As the summer draws to a close, law firms with a renewal date of 1 October for their Professional Indemnity Insurance (PII) will be looking to obtain cover at the best available price and on the most favourable terms, if they haven’t already done so. The SRA specifies that “where the insured firm is a relevant recognised body or a relevant licensed body (in respect of activities regulated by the SRA in accordance with the terms of the body’s licence)” cover of at least £3 million is required (for any one claim), “and in all other cases, at least £2 million”.
CLC-regulated firms should also be aware that, under new requirements (Minimum Terms and Conditions and Participating Insurers Agreement), which came into play on 1 July this year, they must submit at least one application for PII two months ahead of the renewal deadline. Furthermore, from 2023, insurers receiving applications must respond no less than one month before the deadline. The new requirements have been introduced to make the renewal process smoother and provide more time for practices to seek alternative/more suitable cover if needed. A new automatic 90-day extension of cover will also benefit CLC- regulated firms that are unable to renew (based on a pro-rata premium of their most recent policy). Such firms are prohibited from new work during the extended cover period.
With an increase in claims activity (both number and value), ongoing remote working, and a looming recession (with claims against law firms increasing during such times), there is no doubt that choice is decreasing. This means that premiums are often higher than firms are comfortable with. The cost of PII has shot up. Some insurers have been forced to withdraw from the market due to trading losses, resulting in less competition and less range. In this ‘hardening’ market, a 2022 Howden’s report stated that premiums had increased by 27% on average, with predictions that this trend would continue throughout the 2022 renewal season.
In response, some firms have been forced to close because they could not obtain or afford cover. And, to make matters worse, an increasing number of insurers are demanding personal guarantees, meaning some directors will put their assets, such as their homes, on the line in return for essential coverage. Take all this together and it’s no wonder that the UK Legal Services Board has identified the PII issue as one of its key priorities.
Of course, the best way to deal with such a challenging market is to reduce the risk associated with a firm and make it attractive to insurers. Most firms will have examined their risk profiles over the last two years as they navigated issues brought about by Covid-19. Nevertheless, now that the worst of the pandemic is hopefully behind us, law firms cannot rest on their laurels. Ensuring a well-run practice with a low level of claims requires a constant commitment to sound risk management.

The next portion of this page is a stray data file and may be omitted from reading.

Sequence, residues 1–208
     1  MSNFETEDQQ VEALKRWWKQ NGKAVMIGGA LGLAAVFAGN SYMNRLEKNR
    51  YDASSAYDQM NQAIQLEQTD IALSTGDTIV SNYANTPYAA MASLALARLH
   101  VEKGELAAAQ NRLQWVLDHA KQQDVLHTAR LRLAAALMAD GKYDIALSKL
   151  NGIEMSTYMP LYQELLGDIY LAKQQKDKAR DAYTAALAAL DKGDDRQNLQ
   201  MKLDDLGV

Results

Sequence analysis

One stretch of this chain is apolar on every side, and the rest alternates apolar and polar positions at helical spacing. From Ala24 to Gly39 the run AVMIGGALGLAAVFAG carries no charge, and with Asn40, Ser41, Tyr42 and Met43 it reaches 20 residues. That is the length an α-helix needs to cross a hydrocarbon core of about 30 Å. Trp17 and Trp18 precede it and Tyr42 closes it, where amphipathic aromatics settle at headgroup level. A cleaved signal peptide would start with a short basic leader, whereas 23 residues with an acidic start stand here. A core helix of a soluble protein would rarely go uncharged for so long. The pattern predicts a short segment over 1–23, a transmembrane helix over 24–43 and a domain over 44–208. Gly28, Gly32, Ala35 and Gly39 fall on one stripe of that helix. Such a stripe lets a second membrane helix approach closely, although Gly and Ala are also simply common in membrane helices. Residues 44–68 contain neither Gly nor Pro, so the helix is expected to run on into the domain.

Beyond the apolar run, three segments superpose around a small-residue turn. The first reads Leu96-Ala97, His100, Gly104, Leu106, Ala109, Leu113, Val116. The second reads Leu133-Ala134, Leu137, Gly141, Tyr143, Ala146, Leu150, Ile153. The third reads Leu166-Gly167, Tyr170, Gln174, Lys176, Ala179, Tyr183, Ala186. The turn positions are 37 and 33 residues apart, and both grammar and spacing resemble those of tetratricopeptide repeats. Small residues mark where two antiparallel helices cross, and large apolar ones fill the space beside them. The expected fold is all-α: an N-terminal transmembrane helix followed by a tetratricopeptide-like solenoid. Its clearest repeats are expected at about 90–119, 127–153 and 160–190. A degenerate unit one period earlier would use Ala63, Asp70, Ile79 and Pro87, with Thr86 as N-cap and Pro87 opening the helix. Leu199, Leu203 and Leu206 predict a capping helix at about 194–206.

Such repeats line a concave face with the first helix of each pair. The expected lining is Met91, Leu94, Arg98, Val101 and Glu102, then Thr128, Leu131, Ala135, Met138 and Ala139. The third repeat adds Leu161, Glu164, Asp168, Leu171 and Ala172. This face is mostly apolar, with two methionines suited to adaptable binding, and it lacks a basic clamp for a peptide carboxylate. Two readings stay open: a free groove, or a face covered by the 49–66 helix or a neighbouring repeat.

So, how do you reduce your firm’s risk profile and benefit from lower PII renewal costs?
A few key factors will influence any underwriter’s pricing model (e.g. type of work, amount of revenue, number of partners/employees, claims history, etc.). Your firm’s awareness of the risks it faces in line with the type of work it performs (e.g. conveyancing and probate bring greater risk factors compared to criminal or planning law) will be considered. In addition, when deciding if your firm is risk resilient, an insurer will also consider the ratio of managers to staff, how employees (including remote workers) are supervised, and who is responsible for managing risk.
Investments you have made to improve how your firm operates and manages risk will always be looked at favourably. This includes case management systems and quality standards obtained; both of which help to demonstrate that a firm’s processes and procedures are working. Periodic risk reviews, how your firm spots and red-flags potential problems, a clear audit trail, and how it ensures issues do not escalate and/or replicate will also be counted. Insurers will also look at how your firm has responded to previous claims to avoid recurrence.
Managing risk is no small task. But, aside from the wider benefits to firms and their clients, with costs rising steadily and well-run firms having lower PII premiums, not investing in risk management is not an option. The good news is that help is at hand. Outsourced, independent file reviews, complaint handling, risk and compliance gap analysis, and other complementary services are available to support your firm and provide a constructive approach to continually improving your risk and compliance systems.